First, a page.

Apple-Samsung Jury to Answer 700+ Questions on Verdict Form

By Martyn Williams, 21-Aug-2012

The verdict form, a tentative version of which was filed to the San Jose District Court on Monday, runs to 22 pages and has 36 main questions.

Apple-Samsung Jury to Answer 700+ Questions on Verdict Form

Imagine the longest, most complex government form you've ever had to fill out and you start to have an idea what jurors will face as they begin to consider their verdict in the patent infringement case between Apple and Samsung.

The verdict form, a tentative version of which was filed to the San Jose District Court on Monday, runs to 22 pages and has 36 main questions. But the devil is in the details: Because there are so many patents, products and company subsidiaries involved, there are more than 700 individual questions to consider.

The first few ask whether Apple has proven that Samsung infringed on the several Apple patents at the center of the case. Simple enough, right? Wrong.

Jurors will have to decide not only if Samsung Electronics infringed on the patents, but also whether its subsidiaries, Samsung Electronics America and Samsung Telecommunications, did so as well. And they will have to do so for up to 24 individual handsets.

That means that question one alone -- "For each of the following products, has Apple proven by a preponderance of the evidence that Samsung Electronics Co. (SEC), Samsung Electronics America (SEA), and/or Samsung Telecommunications America (STA) has infringed Claim 19 of the '381 Patent?" -- has 57 individual boxes that need to be filled in.

The form indicates the complexity of the arguments that have been made in the case over the past few weeks. Closing arguments are set for Tuesday, after which the jury will begin its deliberations. There's no indication how long that may take.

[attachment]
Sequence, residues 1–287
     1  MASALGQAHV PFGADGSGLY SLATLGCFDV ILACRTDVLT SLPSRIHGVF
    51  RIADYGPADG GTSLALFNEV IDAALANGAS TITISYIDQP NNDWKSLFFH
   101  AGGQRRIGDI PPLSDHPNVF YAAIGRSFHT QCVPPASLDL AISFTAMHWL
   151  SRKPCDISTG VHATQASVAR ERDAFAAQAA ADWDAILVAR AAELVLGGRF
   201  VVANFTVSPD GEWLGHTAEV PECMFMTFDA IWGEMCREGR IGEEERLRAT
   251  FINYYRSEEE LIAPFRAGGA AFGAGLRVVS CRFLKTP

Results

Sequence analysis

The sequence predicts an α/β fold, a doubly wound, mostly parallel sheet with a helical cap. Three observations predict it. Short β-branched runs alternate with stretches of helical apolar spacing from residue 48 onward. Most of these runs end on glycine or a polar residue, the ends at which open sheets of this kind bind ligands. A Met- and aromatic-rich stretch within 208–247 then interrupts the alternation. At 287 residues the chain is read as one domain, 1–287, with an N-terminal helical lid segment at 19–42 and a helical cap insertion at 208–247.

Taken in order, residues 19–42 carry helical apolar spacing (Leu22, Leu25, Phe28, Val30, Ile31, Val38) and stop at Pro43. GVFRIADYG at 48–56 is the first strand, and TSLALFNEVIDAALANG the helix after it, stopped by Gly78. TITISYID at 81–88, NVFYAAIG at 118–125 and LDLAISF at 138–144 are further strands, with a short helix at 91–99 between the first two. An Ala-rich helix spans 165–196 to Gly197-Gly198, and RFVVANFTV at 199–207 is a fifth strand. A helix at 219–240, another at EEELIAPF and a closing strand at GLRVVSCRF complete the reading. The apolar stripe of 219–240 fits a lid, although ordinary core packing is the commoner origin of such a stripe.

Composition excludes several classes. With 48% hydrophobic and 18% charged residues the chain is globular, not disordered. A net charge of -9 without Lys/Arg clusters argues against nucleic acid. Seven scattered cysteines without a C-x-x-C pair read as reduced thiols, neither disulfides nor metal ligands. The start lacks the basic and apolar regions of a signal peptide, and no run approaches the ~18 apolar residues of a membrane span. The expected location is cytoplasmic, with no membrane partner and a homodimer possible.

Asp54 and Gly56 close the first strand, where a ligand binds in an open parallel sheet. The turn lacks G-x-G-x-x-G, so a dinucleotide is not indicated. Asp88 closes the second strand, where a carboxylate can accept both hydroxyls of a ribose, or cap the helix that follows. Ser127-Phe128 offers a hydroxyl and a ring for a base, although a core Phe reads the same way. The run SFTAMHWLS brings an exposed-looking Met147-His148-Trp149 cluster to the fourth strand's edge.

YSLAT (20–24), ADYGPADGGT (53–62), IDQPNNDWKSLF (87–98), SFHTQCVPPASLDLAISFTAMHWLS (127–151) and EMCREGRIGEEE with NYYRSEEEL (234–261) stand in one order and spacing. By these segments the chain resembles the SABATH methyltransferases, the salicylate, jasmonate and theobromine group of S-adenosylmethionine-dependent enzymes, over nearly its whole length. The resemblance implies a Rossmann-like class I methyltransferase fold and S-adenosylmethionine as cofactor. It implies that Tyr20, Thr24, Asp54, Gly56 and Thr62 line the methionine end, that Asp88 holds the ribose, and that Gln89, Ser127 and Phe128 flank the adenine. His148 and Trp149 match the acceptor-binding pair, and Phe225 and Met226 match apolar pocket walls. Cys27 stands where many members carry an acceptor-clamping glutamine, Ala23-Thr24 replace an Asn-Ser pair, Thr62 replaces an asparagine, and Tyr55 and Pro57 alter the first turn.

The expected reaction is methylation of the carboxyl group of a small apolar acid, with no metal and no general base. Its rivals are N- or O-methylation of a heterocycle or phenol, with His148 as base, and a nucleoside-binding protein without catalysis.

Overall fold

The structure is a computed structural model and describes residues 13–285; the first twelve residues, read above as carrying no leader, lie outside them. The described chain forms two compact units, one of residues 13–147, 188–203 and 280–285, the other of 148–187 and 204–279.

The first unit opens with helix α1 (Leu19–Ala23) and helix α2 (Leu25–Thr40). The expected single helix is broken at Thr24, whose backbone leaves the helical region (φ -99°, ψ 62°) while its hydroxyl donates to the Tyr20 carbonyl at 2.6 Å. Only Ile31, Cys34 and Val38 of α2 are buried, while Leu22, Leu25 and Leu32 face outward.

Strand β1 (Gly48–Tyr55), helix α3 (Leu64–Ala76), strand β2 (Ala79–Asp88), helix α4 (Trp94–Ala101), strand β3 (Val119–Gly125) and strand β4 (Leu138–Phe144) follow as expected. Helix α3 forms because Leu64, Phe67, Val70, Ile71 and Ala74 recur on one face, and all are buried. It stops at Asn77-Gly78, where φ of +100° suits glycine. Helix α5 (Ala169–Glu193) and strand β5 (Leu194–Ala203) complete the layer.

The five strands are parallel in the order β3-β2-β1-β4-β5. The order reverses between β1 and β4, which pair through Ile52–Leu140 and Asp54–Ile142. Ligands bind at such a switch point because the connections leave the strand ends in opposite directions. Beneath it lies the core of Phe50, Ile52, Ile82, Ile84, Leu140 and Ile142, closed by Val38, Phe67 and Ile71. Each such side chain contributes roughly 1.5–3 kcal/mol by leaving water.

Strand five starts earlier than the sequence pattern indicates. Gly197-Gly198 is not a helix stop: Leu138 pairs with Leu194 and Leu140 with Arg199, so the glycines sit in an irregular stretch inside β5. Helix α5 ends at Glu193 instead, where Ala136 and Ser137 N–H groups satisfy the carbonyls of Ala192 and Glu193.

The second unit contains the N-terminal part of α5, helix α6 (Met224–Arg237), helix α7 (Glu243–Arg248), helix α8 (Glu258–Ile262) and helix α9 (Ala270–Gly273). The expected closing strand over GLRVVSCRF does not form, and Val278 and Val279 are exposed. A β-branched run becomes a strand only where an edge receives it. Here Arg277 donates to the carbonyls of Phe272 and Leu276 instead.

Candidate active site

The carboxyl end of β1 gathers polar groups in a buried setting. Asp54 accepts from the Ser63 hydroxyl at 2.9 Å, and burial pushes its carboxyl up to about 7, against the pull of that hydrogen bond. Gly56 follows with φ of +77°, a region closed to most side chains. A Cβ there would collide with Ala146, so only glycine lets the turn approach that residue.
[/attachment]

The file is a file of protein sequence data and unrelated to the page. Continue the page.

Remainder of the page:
Also on the form are several questions relating to monetary damages, and they too are not necessarily straightforward.

Question 24 is simple enough -- "What is the total dollar amount that Apple is entitled to receive from Samsung on the claims on which you have ruled in favor of Apple?" -- but question 25 asks the jury to list a breakdown of any damages awarded by each of 28 models of cellphone.

The case is 11-01846, Apple v Samsung, in the U.S. District Court for the Northern District of California.

Source: IDG News Service

LATEST NEWS

  • AMD may Build ExactTrak Data-zapping into its Chips, to Compete with Intel vPro

    AMD said Thursday that it signed a deal with ExactTrak to embed the security company's technology inside its microprocessors. While no new products accompanied the announcement, the deal leaves open the possibility that AMD-based PCs could be remotely zapped--yes, literally--by users or network administrators.

  • Intel to Close $15 bn (about Rs 90,000 crore) Deal to buy Altera

    California based global tech giant, Intel, is set to close a deal to buy fellow chip maker Altera Corp. for about $54 (about Rs 3,480) per share, 15 percent more than Altera’s closing share price on Thursday, $47 (about Rs 2,620).

  • Server Sales Bolstered by Cloud Expansions

    Server vendors recorded the strongest shipment growth in over four years for the first quarter, mainly driven by continued investments in the hyperscale server infrastructures that power public and private clouds.

  • Salesforce Doubles Down on Big Data with New Analytics Tool

    All the data "lakes" in the world won't amount to much if you can't figure out what they mean for your business. With that in mind, Salesforce on Thursday unveiled Salesforce Wave for Big Data, a new tool designed to help business users make sense of their information stores using the Salesforce Analytics Cloud.

More news »